Neither a Musk satellite, nor a missile: Defense believes that what crossed Catalonia was a meteoroid

The Space Operation and Surveillance Center (COVE) believes it has solved the mystery.

Oliver Thansan
Oliver Thansan
31 March 2024 Sunday 23:10
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Neither a Musk satellite, nor a missile: Defense believes that what crossed Catalonia was a meteoroid

The Space Operation and Surveillance Center (COVE) believes it has solved the mystery. The object that flew over Catalonia on Friday night was neither a ballistic missile from France – as the Higher Center for Scientific Research (CSIC) initially pointed out – nor a Starlink satellite from Elon Musk – as the German air forces pointed out. —. The Air and Space Army has informed the Minister of Defense, Margarita Robles, that the fireball seen was a meteoroid that approached the atmosphere, bounced off it and was thrown back into space.

This event, which caused a huge stir on social networks, did not at any time pose any threat to Spain, as several heads of the Air Command, who have accompanied, wanted to make clear this Monday at the Torrejón de Ardoz air base (Madrid). to the head of Defense to find out the details of the sighting at COVE, the Spanish center in charge of monitoring and controlling any space object that may pass through the atmosphere.

“We should not alert the population about something that had no foundations,” General Isaac Manuel Crespo insisted. The alarm, as they have agreed to point out, was generated by a CSIC worker, but not by the entire institution.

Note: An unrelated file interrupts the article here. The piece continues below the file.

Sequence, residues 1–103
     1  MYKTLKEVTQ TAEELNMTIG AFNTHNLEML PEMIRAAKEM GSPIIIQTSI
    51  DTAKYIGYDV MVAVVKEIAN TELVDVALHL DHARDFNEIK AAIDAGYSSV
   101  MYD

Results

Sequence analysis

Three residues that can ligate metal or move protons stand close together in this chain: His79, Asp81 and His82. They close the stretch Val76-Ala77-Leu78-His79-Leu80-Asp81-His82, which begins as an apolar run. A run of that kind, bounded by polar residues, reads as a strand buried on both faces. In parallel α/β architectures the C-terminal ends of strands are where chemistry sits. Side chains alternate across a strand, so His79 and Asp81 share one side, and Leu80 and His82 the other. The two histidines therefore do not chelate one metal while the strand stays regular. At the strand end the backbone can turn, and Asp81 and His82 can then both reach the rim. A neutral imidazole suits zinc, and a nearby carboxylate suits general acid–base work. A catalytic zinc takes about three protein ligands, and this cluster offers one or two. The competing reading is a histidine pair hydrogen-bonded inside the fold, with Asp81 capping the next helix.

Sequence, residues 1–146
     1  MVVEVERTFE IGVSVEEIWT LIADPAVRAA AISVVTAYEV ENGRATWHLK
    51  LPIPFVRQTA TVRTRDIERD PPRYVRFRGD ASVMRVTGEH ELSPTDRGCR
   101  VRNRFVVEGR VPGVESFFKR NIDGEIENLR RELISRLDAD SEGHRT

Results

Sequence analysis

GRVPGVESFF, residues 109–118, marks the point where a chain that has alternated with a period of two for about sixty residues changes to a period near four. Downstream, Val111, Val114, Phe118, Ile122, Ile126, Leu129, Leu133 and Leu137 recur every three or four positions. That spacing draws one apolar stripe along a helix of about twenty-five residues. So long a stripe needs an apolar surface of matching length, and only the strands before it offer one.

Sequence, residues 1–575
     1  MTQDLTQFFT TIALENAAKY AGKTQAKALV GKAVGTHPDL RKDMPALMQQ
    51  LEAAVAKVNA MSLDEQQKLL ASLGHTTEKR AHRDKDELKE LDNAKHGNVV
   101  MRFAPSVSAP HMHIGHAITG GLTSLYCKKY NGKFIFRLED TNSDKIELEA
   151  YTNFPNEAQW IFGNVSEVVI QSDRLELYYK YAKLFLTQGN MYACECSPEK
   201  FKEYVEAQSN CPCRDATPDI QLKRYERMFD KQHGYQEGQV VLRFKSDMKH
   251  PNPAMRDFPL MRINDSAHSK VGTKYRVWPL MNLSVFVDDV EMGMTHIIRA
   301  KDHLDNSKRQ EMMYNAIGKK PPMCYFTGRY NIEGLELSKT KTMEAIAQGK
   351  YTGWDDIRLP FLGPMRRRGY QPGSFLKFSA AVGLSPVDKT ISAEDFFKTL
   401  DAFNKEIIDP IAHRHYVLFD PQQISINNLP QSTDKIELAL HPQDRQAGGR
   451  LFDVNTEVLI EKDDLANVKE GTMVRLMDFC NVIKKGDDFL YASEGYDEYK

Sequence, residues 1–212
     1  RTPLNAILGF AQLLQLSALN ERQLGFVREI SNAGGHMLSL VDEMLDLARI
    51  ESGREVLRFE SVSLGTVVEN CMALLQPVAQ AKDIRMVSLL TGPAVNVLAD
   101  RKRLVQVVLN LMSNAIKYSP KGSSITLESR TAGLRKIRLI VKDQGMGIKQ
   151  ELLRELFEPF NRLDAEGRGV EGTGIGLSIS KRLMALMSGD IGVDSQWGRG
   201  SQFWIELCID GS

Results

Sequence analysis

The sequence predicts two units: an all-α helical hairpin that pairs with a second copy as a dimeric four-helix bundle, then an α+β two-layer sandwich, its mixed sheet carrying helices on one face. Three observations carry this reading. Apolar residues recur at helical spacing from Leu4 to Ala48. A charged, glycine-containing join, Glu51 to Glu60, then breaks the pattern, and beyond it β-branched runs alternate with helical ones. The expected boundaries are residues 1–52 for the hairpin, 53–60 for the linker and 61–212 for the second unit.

First it was the CSIC who, through a statement, ruled out that the object that could be seen crossing part of the peninsula was a ballistic missile. Then the German Air Force claimed it would be Elon Musk's Starlink satellite. This possibility is also ruled out by the Air and Space Army, since the billionaire's satellite was not included in a list - which is prepared every month between Spain, Germany, Italy and France - with objects that could represent a danger when approaching. to the earth.

As explained by Lieutenant Colonel Manuel Crespo, head of COVE, this report does not include satellites that weigh less than 300 kilos, such as those of Elon Musk, because when they reach the atmosphere they disintegrate.

Having ruled out these two hypotheses, the Spanish military seems to be quite clear that what flew over Spain was a meteoroid; remains of rock and metal that did not disintegrate upon reaching the atmosphere. The meteoroid skimmed the ionosphere for some time, leaving a trail that can be seen in the videos that were recorded. The “grazing meteoroid,” as it has been called, bounced and was thrown back into outer space.